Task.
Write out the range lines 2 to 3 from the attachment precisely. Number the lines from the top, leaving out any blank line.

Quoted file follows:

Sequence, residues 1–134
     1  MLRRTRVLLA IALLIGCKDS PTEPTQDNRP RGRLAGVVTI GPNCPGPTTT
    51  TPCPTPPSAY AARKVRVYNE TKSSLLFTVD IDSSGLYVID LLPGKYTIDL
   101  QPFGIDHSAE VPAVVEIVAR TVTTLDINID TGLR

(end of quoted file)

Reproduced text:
     1  MLRRTRVLLA IALLIGCKDS PTEPTQDNRP RGRLAGVVTI GPNCPGPTTT
    51  TPCPTPPSAY AARKVRVYNE TKSSLLFTVD IDSSGLYVID LLPGKYTIDL